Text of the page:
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The American

For the Norwich Subscription Purse of 100 guin-
eas, between Painter and Oliver

_ On Monday, North Walshan had to boast of
as much talent as ever was assembled in one
place. Tom Cribb nutted himself in being at
the head of men of talent, without either form
or deputy. - His forces were the phenomenon
Randall, Belcher, Turner, Shelton, Martin, and
all those who had bled on Moulsey Flat, and
gratified the taste of the admirers of courage,
and the English way of settling trifling disputes.
_ Norwich vies with London in patronizing
these athletic sports, and many females off re-
spectable appearance attended. So great an
assemblage present our informant never witnes-
sed before. The guess at number was 30,000
persons. The number of vehicles from Nor-
wich alone amounted, according to the prying
information of a blacksmith at half the distance
to Walsham. Yarmouth, Cromer, and the
towns within 20 and 30 miles around, poured
in their lots. As to the men, Painter has
lately turned publican at Norwich, and is re-
pected. He was beat by Oliver at Shepper-
ton Range some years since, when both men
were stronger, but were mere novices in sci-
ence. Oliver won that fight, but he was much
punished, although trained by captain Barclay.
Betting 5 to 4 on Painter, who weighed 13st.
4lb. and Oliver 12st. 8lb. The ring of 24 feet
was formed in excellent style.


_ 1. Much caution was used before the com
batants met, and some masterly attitudes excit-
ed admiration. Oliver made a scientific parry
of Painter's heavy hitting right hand. They
broke away, and Painter placed a flush right
handed hit upon the jaw, and in closing got
Oliver's head confined with his left arm, and had
a good weaving match at him; but Oliver broke
from his hold, and some counter hits were ex-
changed. Painter gave his head inclining for-
ward for Oliver to make play, and in trying for
a left handed hit upon the head, Oliver received
two blows, and in struggling for the throw Oli-
ver won it, but Painter had decidedly the best
of the round, and the uproarious applause of the
country people could be heard miles off.
_ 2. Oliver placed a smart left handed hit upon
his adversary's body, and Painter showed first
blood on the side of the nose, from the struggle
in the former round, which lasted 12 minutes. -
Oliver parried Painter's right hand again, and
returned upon the throat with the left hand, when
some courageous fighting, bull-dog fasion took
place, but Painter fought shy, and seemed to
depend upon his heavy right hand. Oliver pla-
ced blows left and right upon Painter's head.
A rally followed, and counter-hits were ex-
changed, when Painter got his adversary's head
again under his left arm, and administered some
punishment, and got Oliver suspended across
the lower rope of the ring, and let him go down
without hitting him. - 2 to 1 on Painter.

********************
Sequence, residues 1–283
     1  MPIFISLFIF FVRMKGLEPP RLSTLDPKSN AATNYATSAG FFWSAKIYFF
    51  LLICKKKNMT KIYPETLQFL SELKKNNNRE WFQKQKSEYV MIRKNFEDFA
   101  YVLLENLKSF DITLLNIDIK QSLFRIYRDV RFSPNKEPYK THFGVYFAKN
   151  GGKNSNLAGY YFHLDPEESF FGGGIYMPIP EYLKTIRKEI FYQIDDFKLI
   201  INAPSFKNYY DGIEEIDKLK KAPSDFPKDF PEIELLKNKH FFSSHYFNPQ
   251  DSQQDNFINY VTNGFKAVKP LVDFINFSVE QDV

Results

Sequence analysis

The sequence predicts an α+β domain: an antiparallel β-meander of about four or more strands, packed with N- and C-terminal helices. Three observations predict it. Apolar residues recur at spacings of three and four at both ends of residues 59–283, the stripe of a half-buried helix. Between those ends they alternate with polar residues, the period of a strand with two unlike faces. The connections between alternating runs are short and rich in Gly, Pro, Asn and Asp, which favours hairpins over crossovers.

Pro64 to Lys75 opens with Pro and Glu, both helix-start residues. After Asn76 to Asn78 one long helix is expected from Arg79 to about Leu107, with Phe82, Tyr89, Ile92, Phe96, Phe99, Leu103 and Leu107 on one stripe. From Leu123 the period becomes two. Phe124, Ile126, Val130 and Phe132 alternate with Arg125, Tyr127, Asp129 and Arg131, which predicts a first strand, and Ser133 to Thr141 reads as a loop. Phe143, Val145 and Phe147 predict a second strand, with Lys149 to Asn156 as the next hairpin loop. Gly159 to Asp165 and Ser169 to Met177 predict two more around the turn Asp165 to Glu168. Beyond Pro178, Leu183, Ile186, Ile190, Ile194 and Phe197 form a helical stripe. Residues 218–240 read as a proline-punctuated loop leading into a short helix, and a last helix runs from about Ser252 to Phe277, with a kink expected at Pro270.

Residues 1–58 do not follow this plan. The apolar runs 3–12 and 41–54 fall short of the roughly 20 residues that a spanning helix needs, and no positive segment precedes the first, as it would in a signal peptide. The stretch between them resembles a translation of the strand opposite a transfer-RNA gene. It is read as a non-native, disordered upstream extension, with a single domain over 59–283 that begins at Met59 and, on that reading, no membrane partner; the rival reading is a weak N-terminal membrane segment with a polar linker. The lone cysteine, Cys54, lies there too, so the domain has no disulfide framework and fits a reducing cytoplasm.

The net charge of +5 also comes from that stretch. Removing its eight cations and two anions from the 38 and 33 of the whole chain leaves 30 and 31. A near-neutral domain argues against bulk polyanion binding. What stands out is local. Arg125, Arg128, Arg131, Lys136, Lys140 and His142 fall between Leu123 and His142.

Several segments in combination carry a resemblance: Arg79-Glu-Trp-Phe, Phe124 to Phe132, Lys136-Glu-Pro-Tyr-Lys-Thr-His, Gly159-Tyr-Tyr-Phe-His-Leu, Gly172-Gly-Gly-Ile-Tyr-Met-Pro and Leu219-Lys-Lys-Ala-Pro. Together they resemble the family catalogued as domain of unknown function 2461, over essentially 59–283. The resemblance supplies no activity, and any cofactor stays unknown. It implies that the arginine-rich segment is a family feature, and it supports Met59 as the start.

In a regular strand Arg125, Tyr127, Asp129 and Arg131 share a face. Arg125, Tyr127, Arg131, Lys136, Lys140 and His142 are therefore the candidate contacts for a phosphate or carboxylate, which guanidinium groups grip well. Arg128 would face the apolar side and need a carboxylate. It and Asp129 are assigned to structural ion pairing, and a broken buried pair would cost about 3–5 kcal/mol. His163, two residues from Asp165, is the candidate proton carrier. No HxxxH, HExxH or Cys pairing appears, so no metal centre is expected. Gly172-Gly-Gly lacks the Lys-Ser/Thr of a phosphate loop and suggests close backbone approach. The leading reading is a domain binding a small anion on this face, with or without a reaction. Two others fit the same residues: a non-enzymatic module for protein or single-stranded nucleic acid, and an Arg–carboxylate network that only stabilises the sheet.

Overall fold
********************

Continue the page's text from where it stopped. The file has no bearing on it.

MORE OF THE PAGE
_ 3. Oliver placed a tremendous right-handed
blow upon his adversary's head, which hit him
away, and set the balls of his eyes in extra mo-
tion, and threw him in a close. - Betting as at
the commencement.
_ 4. A gallant round, in which much skill was
displayed, but Painter appeared thick-winded at
the onset. He gave his head again to induce
Oliver to make a play, and was creeping his left
foot on to get it behind Oliver's right, to place
his formidable right-hand blow, in which he
succeeded; but Oliver returned upon him, and
had the best of in-fighting, but the worst of the
weaving close again. Oliver gave Painter first
knock-down blow with his right hand upon the
head, and betting was even.
_ 5. Oliver placed a left handed blow upon the
head, and a daring fighting round followed, in
which Painter placed one of his right-handed
muzzlers, which stupified his antagonist for the
moment. No better courage could be shown,
and the give and take game was the order of
fighting to every part of the ring, until both
were tired, and Oliver was thrown.
_ 6. Both distressed for wind, sparred at re-
spectful distance until they had partially recov-
ered, when Oliver placed a heavy left-handed
blow upon his adversary's eye, and a close fol-
lowed, in which Oliver had the worst, and both
went down.
_ 7. Both were down again much distressed.
_ 8. Painter's right ogle was nearly darkened,
but they turned loose at each other again with
great gallantry, and Painter floored his antag-
onist by a heavy blow behind the ear.
_ 9. Oliver placed two good blows upon his ad-
versart's head in this round, and Painter ap-
peared the most distressed of the two, and had
lost his strength of hitting from loss of wind, and
in closing both were down, Painter under; and Oliver
was back to win at 5 and 6 to 4.
_ 10. Both were so much distressed, that in ad-
vancing towards each other they dropped their
hands as if conscious of their inability to hurt
each other. When they did get to work, some
slaughtering took place, and at the close Oliver
went down from the effect of his own blow.
_ 11. This was the last round, and rather ad-
ruptly terminated the battle in 54 minutes. -
Oliver went to work with much desperation,
although bleeding freely from the nose, but
Painter's head showed most punishishment, and
both temples had nearly stopped his sight. Oliver
had the best of the first part of the round, but
he received a heavy hit in a close upon the tem-
ple, which floored him, and he could not come
again to time, and the denial was a welcome
omen to the conqueror, Painter, whose exist-
ence was at stake.
_ A second battle for a purse of 50 guineas,
between Martin and the Birmingham youth
(Sampson) was won by Martin in 40 minutes.
Sampson was beat by superior strength, and it
was by no means a good fight.



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